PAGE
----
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Poem by Janet Little
Celia and her Looking Glass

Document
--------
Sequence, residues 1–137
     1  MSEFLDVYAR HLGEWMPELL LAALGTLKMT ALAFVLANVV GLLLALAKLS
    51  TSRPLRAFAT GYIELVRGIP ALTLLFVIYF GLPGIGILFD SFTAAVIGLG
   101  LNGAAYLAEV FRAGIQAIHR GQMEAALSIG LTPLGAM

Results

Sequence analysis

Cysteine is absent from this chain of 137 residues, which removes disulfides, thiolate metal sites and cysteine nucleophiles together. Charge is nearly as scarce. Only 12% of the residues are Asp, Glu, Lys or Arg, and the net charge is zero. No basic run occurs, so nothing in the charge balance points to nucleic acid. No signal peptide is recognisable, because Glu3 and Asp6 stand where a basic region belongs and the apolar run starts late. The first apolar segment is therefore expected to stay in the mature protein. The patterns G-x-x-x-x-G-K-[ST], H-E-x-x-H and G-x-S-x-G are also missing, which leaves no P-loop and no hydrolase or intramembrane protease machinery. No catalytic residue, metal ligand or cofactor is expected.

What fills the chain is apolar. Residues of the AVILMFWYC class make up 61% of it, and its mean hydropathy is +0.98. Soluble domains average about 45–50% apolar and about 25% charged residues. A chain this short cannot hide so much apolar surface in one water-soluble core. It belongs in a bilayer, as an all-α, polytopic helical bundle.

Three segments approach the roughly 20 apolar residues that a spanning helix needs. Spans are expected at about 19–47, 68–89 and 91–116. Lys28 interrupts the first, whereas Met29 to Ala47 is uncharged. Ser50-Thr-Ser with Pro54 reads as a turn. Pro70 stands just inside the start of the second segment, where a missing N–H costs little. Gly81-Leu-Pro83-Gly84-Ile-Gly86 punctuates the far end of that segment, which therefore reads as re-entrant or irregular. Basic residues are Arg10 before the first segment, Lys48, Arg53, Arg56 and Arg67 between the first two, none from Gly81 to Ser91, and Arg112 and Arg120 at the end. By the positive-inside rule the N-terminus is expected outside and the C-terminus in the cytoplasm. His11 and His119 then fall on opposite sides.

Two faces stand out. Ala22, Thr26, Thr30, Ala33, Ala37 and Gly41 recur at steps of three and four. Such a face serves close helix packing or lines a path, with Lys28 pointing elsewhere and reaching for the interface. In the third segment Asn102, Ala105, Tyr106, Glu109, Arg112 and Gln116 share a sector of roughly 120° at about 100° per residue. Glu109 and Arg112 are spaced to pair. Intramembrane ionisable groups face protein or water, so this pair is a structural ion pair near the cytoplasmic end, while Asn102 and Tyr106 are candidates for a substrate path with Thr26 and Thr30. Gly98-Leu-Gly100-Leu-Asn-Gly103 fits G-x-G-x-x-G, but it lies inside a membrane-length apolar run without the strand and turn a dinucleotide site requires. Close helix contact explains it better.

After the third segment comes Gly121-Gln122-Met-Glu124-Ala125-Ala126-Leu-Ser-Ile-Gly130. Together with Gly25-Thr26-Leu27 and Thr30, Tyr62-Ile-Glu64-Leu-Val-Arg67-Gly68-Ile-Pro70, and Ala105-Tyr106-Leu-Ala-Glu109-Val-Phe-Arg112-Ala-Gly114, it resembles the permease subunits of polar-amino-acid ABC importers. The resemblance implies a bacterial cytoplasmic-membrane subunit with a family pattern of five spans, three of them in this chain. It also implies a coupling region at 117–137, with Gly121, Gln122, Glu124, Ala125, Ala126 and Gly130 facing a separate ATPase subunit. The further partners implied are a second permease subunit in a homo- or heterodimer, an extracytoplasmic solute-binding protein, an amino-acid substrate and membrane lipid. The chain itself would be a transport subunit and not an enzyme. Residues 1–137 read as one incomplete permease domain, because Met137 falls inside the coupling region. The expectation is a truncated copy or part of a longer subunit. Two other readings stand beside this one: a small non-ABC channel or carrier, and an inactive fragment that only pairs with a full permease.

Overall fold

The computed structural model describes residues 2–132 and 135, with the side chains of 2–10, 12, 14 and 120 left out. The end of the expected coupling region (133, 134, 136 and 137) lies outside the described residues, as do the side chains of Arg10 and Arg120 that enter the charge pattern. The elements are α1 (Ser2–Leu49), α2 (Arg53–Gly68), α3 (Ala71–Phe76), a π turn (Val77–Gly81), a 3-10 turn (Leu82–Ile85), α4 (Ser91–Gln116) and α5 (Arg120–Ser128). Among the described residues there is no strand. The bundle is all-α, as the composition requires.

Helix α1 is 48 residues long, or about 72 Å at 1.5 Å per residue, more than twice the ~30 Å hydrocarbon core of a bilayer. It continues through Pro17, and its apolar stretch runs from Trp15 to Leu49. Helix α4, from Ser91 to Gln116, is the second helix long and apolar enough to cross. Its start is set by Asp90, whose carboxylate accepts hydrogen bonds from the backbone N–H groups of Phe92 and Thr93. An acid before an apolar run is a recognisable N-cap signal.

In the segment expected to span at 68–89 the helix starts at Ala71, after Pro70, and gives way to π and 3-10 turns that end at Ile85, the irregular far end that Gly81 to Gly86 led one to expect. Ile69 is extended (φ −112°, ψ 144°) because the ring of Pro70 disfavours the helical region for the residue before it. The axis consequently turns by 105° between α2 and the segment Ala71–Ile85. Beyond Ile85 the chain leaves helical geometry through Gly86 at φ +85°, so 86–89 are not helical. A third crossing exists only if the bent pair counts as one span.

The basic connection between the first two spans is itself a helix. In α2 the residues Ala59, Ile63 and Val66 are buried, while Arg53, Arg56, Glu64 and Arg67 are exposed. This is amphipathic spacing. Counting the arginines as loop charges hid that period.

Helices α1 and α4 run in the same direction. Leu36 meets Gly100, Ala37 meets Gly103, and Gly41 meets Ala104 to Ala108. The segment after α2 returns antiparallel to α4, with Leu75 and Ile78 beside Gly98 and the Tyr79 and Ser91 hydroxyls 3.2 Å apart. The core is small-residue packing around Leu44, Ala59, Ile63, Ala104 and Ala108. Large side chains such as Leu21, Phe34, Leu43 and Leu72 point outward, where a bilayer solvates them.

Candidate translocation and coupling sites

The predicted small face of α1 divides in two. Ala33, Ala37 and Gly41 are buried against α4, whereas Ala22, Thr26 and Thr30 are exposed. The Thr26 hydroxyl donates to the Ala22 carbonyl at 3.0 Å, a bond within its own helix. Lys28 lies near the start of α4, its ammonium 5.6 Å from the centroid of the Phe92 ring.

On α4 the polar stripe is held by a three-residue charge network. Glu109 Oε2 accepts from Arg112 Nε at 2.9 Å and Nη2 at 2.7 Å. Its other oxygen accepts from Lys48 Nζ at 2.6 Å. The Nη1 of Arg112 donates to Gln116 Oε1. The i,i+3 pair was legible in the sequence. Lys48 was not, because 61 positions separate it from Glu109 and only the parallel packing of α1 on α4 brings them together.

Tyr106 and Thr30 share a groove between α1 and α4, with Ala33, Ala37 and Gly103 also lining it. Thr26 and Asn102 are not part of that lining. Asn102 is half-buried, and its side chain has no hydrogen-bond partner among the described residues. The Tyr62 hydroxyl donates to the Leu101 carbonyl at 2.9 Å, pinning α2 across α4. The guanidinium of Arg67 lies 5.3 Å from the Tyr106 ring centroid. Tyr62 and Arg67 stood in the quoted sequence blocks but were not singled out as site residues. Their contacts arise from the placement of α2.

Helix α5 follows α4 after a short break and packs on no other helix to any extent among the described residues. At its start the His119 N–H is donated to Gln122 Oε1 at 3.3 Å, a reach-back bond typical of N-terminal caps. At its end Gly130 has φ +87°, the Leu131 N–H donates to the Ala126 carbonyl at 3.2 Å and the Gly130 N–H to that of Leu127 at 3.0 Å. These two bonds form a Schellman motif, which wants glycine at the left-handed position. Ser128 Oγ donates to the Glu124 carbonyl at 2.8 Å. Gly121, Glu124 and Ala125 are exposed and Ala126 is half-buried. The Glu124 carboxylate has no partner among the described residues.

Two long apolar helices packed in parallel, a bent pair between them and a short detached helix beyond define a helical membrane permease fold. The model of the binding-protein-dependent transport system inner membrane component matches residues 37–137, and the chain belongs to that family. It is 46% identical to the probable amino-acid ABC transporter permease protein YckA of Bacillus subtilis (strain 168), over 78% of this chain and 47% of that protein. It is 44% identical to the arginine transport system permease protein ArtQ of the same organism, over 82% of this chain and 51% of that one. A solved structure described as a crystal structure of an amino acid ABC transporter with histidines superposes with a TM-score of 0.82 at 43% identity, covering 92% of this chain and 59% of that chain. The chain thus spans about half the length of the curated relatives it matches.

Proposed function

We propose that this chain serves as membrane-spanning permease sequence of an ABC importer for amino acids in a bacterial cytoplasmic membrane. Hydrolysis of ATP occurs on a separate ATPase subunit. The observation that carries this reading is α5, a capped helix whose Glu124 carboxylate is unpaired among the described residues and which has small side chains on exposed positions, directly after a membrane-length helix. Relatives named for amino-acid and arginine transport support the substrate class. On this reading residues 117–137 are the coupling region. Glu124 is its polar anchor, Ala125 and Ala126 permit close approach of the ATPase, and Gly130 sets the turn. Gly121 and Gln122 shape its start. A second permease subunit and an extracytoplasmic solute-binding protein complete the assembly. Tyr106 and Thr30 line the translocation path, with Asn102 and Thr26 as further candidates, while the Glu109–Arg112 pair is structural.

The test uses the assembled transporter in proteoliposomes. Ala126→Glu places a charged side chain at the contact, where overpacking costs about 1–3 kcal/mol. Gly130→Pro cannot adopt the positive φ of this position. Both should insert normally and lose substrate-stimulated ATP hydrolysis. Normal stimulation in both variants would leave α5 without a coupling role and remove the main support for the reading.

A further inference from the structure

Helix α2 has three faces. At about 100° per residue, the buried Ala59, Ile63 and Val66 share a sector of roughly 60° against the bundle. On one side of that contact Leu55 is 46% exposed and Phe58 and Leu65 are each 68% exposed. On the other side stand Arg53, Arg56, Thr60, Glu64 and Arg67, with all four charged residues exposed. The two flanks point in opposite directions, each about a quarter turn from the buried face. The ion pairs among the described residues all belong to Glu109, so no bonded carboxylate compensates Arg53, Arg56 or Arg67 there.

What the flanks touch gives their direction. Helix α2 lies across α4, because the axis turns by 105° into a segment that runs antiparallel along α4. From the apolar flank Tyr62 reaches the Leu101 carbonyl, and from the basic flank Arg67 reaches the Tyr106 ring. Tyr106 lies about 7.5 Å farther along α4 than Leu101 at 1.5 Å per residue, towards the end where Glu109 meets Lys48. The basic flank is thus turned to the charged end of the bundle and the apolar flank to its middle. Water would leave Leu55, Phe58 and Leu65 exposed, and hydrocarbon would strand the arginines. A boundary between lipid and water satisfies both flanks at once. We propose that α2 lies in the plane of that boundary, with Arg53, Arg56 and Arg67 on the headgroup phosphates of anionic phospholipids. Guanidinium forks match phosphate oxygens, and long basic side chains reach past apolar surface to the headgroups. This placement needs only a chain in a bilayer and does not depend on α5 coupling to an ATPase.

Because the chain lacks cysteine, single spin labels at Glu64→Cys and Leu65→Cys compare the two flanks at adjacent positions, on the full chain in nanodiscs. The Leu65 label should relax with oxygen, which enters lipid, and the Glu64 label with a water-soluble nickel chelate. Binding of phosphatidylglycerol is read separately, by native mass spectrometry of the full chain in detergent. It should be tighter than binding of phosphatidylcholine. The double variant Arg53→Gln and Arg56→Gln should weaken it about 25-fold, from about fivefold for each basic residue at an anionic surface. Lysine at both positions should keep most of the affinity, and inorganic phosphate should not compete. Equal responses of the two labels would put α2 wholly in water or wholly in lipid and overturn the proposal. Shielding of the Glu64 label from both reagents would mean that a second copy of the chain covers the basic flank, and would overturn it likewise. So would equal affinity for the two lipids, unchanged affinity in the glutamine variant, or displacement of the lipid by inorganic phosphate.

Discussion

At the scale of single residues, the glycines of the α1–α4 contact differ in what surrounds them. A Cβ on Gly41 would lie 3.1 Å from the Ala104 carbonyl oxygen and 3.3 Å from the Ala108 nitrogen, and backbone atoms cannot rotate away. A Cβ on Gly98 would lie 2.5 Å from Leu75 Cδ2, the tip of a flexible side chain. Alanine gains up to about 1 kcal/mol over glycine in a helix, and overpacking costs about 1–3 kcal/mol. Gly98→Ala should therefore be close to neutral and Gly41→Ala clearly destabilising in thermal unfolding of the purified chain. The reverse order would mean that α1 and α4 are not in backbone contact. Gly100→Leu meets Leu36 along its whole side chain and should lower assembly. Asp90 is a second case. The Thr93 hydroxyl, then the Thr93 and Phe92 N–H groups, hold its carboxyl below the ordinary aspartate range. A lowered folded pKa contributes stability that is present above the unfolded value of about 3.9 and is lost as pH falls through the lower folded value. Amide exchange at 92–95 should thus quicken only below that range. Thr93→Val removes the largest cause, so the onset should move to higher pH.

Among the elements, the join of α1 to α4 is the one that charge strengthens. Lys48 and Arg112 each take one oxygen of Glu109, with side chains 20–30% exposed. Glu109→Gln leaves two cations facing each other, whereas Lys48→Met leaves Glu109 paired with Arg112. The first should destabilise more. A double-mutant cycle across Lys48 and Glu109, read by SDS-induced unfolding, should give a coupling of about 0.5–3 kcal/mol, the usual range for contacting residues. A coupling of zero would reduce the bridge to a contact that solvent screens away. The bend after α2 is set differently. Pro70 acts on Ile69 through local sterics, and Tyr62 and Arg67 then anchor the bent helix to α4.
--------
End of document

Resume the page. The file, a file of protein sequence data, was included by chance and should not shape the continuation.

AS Celia, who a coquette was, O'er fading charms lamented, She frown'd upon her looking-glass, And thus her spleen she vented. 'Thou silly, stupid, worthless thing, Of all discretion empty, I o'er the window will thee fling, If any more you tempt me. Thou'rt incorrigible and bold, Unworthy my attention: What! must I ever more be told, The thing I dread to mention? A maiden old, kind heaven avert; I hate the appellation. The blood runs chill about my heart, I'm choak'd with sore vexation. Last night when at the ball I danc'd, My air was counted charming; My eyes gave pain where'er they glanc'd, Each gesture prov'd alarming. Philander saw, their pow'r confest, And with love tales did tease me! I sigh'd, I frown'd, he was distress'd, But with my smiles seem'd easy. But Chloe mark'd, that new made toast, By other flirts surrounded, Poor Celia now her charms had lost, Which in last cent'ry wounded. A whisper then and laugh went round, Such scoffing I endured, Nor did Philander heed my frown, But by the jest was cured. An easy passage through the crowd I found, none did escort me; No gallant youth my presence su'd, Nor flatter'd to support me. Now, Morpheus next I did address, For slumbers more delightful; But in my dreams I found distress, With apes and spectres frightful. Then unto thee, thou base ingrate, I su'd for consolation, Who rudely now foretels my fate Without alleviation. Though I'm abandon'd on that score, Though fools and fops are changed, Of thy impertinence no more, Else sure I'll be revenged.' Its head the looking-glass did bow, With reverent low submission, And to its angry mistress now, Did utter this petition. 'O madam, deign to hear my tale, And let my sorrows move ye; My plain sincerity can't fail To shew how much I love you. Nor lap-dog, bird, or powder'd beau Was more by you regarded, Than I full fifteen years ago, Though basely now discarded. Each hour you paid me visits ten, My counsel well you trusted; Without my approbation then No curls you e'er adjusted. An artless smile adorn'd your cheek, And grac'd each lovely feature, Which I observe now, once a-week, Distorted by ill nature. The pallid cheek and wrinkl'd brow Announce your charms declining; And wont you take the vestal vow Without so much repining? The truth, though in unwelcome strain, To you I must discover; While youth or beauty sways the swain, You'll never find a lover.' Poor Celia now could bear no more, Her stars malignant cursed; Her looking-glass cast on the floor, And into tears she bursted. She would have died, but Claudia came, Preventing all her fears; He wed the pensive, weeping dame, And wip'd away her tears.
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